UK Foreign Secretary Boris Johnson has become the second cabinet minister to quit, as bitter divisions over Britain’s departure from the European Union, or Brexit, deepen a political crisis threatening Prime Minister Theresa May‘s government.
Johnson’s departure on Monday came a day after David Davis, the British minister in charge of Brexit negotiations, also stepped down amid disagreement’s over the country’s strategy.
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The two resignations leave May badly exposed and raise questions over whether she will stand firm in her commitment to pursuing a “business-friendly” Brexit, or will be faced with more resignations and calls to quit herself.
“This afternoon, the Prime Minister accepted the resignation of Boris Johnson as Foreign Secretary,” May’s spokesman said in a statement.
“The Prime Minister thanks Boris for his work.”
Later on Monday, May named Jeremy Hunt as foreign secretary. Earlier in the day, the prime minister’s office announced the appointment of Dominic Raab as Brexit secretary.
Johnson, a former mayor of the UK capital of London and a polarising figure, was a leading spokesperson for the campaign calling for Britain’s departure from the EU in advance of a June 2016 referendum.
He has always supported a so-called “hard Brexit”, which supports relinquishing access to the bloc’s single market in exchange for full border control.
Johnson posted his full resignation letter on Twitter, adding that he was proud to have served as foreign secretary.
I am proud to have served as Foreign Secretary. It is with sadness that I step down: here is my letter explaining why. pic.twitter.com/NZXzUZCjdF
— Boris Johnson (@BorisJohnson) July 9, 2018
Al Jazeera’s Laurence Lee, reporting from London, said Johnson’s departure left the British government in crisis mode.
“Johnson, whether you like him or not, is a very big figure in British politics and he’s a man around whom hard right-wing, anti-EU ‘Brexiteers’ could easily coalesce,” said Lee.
May, the leader of the Conservative party, believed she had secured a hard-won agreement with her deeply divided cabinet of ministers on Friday to keep the closest possible trading ties with the EU.
But it soon began to unravel, when Davis resigned late on Sunday and launched a no-holds-barred attack on her plan, calling it “dangerous” and one which would give “too much away, too easily” to EU negotiators, who would simply ask for more.
Still, May on Monday defended Friday’s deal, which would allow for some ties between Britain and the EU.
“This is the Brexit that is in our national interest. It is the Brexit that will deliver on the democratic decision of the British people,” May told parliament.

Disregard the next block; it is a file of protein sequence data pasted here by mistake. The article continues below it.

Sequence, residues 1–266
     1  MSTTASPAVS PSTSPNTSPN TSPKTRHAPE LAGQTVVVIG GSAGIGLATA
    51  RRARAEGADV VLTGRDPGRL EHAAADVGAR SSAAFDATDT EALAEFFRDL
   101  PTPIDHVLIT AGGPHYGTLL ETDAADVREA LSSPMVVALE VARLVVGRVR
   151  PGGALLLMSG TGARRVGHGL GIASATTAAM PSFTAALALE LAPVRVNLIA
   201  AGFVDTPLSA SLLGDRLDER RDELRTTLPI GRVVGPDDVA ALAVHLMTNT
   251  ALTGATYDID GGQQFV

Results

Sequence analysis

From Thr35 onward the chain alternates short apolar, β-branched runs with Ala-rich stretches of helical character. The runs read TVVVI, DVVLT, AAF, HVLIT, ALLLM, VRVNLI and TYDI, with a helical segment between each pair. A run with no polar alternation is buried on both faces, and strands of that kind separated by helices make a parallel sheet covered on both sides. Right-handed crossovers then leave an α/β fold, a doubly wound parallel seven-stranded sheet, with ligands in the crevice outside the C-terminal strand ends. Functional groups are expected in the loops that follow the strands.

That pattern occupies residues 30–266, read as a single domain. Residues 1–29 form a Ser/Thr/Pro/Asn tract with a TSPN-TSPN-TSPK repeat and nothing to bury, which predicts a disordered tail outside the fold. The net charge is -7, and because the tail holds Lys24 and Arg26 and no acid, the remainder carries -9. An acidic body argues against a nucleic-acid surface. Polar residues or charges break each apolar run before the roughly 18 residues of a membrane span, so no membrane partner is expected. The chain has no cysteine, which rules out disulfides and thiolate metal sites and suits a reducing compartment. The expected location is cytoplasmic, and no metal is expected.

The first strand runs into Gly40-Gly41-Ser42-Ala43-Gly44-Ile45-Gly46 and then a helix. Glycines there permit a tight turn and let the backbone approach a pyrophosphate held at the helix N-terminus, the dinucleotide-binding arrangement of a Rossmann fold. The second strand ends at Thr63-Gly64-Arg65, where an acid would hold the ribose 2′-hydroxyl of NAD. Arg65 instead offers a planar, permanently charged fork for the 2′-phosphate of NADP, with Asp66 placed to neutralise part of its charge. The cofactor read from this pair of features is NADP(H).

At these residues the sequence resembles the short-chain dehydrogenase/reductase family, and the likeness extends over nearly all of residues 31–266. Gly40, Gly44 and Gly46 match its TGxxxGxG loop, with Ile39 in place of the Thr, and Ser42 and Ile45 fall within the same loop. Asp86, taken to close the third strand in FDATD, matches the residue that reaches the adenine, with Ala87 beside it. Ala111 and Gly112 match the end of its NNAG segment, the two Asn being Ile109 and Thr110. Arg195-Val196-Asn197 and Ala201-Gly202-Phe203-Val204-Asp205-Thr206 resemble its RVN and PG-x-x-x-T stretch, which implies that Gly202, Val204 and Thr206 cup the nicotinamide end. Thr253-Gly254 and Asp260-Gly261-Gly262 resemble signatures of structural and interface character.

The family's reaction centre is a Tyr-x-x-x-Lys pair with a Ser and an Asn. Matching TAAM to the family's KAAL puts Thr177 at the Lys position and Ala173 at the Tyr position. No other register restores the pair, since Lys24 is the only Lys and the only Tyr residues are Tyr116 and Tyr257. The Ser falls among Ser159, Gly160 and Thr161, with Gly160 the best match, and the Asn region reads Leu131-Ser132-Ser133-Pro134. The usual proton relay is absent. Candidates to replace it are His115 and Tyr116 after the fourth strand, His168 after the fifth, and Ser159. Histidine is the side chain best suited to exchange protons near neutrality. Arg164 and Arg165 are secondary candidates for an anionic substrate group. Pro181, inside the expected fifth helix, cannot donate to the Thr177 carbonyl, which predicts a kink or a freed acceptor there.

“It is the right Brexit deal for the people.”
May has been trying for months to solve internal issues within the ruling Conservatives about which course to take before Brexit takes effect on March 29, 2019.
“For some people like Johnson, Brexit meant severing every single tie with Europe. For others, it meant trying to maintain a certain relationship with the EU, including economic ties,” said Al Jazeera’s Lee.
“For all these months, May has been trying to square this circle and balance off the opposing wings within the party.”
Two years ago, the UK shocked the world by narrowly voting to withdraw from the EU after a fevered referendum campaign that sharpened regional divisions and exposed deep distrust between voters and the political establishment.
After the announcement of the cabinet deal on Friday, several members of the Conservative Party publicly voiced their unhappiness with some of its aspects.
The chairman of the Leave Means Leave campaign group accused May of deceiving Brexit campaigners. “May’s Brexit means BRINO – Brexit In Name Only – a fake Brexit,” John Longworth said.
Jacob Rees-Mogg, a key figure in the Conservative arty’s “hard Brexit” faction, also said the agreement would be “worse” than a UK exit from the EU with no deal at all.
Reactions on Johnson’s departure
Several key figures spoke out about Johnson’s decision to leave his post and the growing divisions within the ruiling party.
Jeremy Corbyn, main opposition leader, said on Twitter the UK “needs a government that is capable of governing”. The Labour Party leader’s comment came after saying on Sunday that Davis’ resignation was proof May “has no authority left and is incapable of delivering Brexit”.
“With her Government in chaos, if she clings on, it’s clear she’s more interested in hanging on for her own sake than serving the people of our country,” he tweeted.
We need a government that is capable of governing. pic.twitter.com/HWvoxyEyVw
— Jeremy Corbyn (@jeremycorbyn) July 9, 2018
Scottish National Party (SNP) leader Nicola Sturgeon shared a tweet by her MP Ian Blackford, who said Johnson “should have been sacked months ago”.
Hear, hear. https://t.co/3MYXlQ2oFr
— Nicola Sturgeon (@NicolaSturgeon) July 9, 2018
Former UKIP leader and one of the key figures in the Brexit campaign, Nigel Farage, said he is considering a return as leader of the far-right party he stepped down from shortly after the Brexit referendum.
Farage said “the will of 17.4m voters must be carried out.”
— Nigel Farage (@Nigel_Farage) July 9, 2018
President of the European Council Donald Tusk said that despite Davis’ and Johnson’s resignations, Brexit remains a problem.
Politicians come and go but the problems they have created for people remain. I can only regret that the idea of #Brexit has not left with Davis and Johnson. But…who knows?
— Charles Michel (@eucopresident) July 9, 2018
Guy Verhofstadt, lead negotiator on Brexit for the European Parliament, said about Davis’ resignation that he had always worked well with him, adding that he hopes “the UK unites around a position to conclude a broad Association Agreement with the EU. It is in the interest of both that we move the negotiations forward.”